Senate seeks special remuneration for INEC staff
•as commission Chairman decries reduction in budget
The Senate has again restated its commitment to enhancing salary structure for the staff of the Independent National Electoral Commission, (INEC).
Senators on the Senate Committee on INEC led by former Kano state governor, Kabiru Gaya on Wednesday asked the chairman of the electoral umpire, Professor Mahmood Yakubu to update the Committee on his discussion with the Salaries and Wages Commission and other relevant agencies.
Professor Yakubu said his Commission was constrained by the outbreak of the pandemic, Coronavirus and its conduct of governorship elections in Edo and Ondo states.
He said:” I remember when this matter was discussed last year you specifically tasked the committee to come back with suggestions and ideas on how we can enhance salary remuneration.
“We promised to discuss with Salaries and Wages Commission and we will come back to see what can be done. We have not gone far on this matter mainly because there were many distractions. Essentially COVID-19 came in and the nation was shut down and after COVID, we were confronted with two major elections, Edo and Ondo governorship. I assure you we will resume our discussions with the relevant agencies to see how we can get a totally different salary structure for INEC for the kind of work the commission staff are involved in. It is a work in progress.”
Senator representing Ekiti Central, Opeyemi Bamidele maintained that enhanced salary structure was necessary for staff of INEC to insulate them from financial inducement by desperate politicians. He further promised that the Committee would be anxious to give the needed legislative approval.
” We are going to really address the aspect of our own desired reforms to ensure that people that INEC relies on to be able to do their work as an umpire are also immune or sanctified against unnecessary temptations. We believe this issue of enhanced remuneration must be addressed. It is something that should be addressed because it is important.
“We appreciate if you can report back as soon as possible in the next three months specifically on this issue and if it requires also any form of legislative action on our part this committee would be happy to work with the Senate Committee on Establishment and other relevant committees. It is an issue that is waiting to be addressed.”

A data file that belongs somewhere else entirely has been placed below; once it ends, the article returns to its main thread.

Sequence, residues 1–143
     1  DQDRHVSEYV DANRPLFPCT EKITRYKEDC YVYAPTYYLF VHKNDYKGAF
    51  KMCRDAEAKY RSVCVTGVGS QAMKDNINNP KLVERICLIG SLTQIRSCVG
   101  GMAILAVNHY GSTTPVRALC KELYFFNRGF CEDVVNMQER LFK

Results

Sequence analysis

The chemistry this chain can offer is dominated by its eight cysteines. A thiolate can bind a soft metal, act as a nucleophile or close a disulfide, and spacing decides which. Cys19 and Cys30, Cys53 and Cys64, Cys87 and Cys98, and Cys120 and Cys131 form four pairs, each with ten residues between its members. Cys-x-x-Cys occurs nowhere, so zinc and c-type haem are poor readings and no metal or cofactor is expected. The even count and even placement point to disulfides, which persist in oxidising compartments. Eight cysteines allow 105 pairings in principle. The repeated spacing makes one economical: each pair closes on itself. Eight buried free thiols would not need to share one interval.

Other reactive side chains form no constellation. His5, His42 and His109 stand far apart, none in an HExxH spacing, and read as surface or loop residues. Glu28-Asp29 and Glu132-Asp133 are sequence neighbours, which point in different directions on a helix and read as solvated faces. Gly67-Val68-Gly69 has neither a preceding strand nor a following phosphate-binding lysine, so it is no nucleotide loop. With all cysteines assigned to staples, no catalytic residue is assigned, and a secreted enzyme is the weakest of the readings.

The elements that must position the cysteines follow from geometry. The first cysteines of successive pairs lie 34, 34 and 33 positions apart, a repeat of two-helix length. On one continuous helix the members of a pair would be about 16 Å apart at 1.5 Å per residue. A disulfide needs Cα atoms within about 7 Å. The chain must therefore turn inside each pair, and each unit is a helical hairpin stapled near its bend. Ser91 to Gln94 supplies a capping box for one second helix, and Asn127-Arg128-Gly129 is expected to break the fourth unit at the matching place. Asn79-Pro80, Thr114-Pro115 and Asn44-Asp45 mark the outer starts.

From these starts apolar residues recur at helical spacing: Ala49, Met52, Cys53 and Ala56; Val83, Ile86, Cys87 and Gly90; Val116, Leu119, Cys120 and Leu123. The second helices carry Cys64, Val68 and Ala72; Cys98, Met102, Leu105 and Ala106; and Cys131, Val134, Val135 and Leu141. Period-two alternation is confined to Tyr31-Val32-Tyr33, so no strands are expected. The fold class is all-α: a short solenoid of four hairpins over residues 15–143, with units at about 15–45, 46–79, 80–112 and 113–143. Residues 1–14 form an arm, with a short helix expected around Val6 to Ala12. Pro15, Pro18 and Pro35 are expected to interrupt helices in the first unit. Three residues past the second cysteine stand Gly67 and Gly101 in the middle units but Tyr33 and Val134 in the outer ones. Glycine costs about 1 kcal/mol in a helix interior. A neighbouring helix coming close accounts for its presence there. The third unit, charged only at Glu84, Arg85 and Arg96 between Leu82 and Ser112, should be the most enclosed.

Earlier in his presentation while defending his Commission 2021 Budget before the Committee, Professor Yakubu expresses concern that his Commission was encountering financial challenges. He declared that despite being on first line charge, INEC was still not financially independent.
He disclosed that his leadership was not comfortable with drop-in its 2019 budget to N40billion from N45.5 bn.
To meet its financial challenges, he revealed that INEC has to fall back on its special fund, owing to financial pressures.
“The Commission cannot be independent unless it is financially independent. There are some activities that happen that are time-bound or bound by some specific provisions of the constitution that the Commission has to undertake.
“So, the fund was established to allow the Commission to discharge those responsibilities. It was established in 2010 but there was no cause to spend from it, and from the last five years, this Commission did not spend from it. But what has happened now is our budget for 2020 dropped to N40 bn from N45.5 bn in 2019. And as a result of the 10% COVID cut, it further dropped to N36 bn in the middle of the year when we had already made preparation for expenditure, and therefore, since that fund is made for the rainy days, I informed the committee that the rainy day has come. So we are taking part in the fund to balance our budget for this year. ”
He further disclosed that ahead 2023 general elections, the Commission would resume Continuous Voter’s Registration early next year.
“For Continuous Voter’s Registration, the Commission intends to resume voter registration in the first quarter of 2021. And once we resume, it will be continuous for one and half years, at least until six months to the next general election. In other word, the Commission is not going to resume voter registration for a week, two weeks or a month but we are working out the details.”
Professor Yakubu told the Senate Committee that plan was in the offing for Diaspora voting, subject to amendment of the Constitution and the Electoral Act.
“The Commission is desirous of giving Nigerians living abroad the right to vote, after all, all our neighbouring countries do so. But it requires the amendment to the Constitution and the Electoral Act for that to happen. And we have already worked out the document. Once the law is amended today, we can roll out. We are ready. We have had several meetings with the Nigerians in Diaspora Commission (NIDCOM) but we can’t go beyond what the law provides.”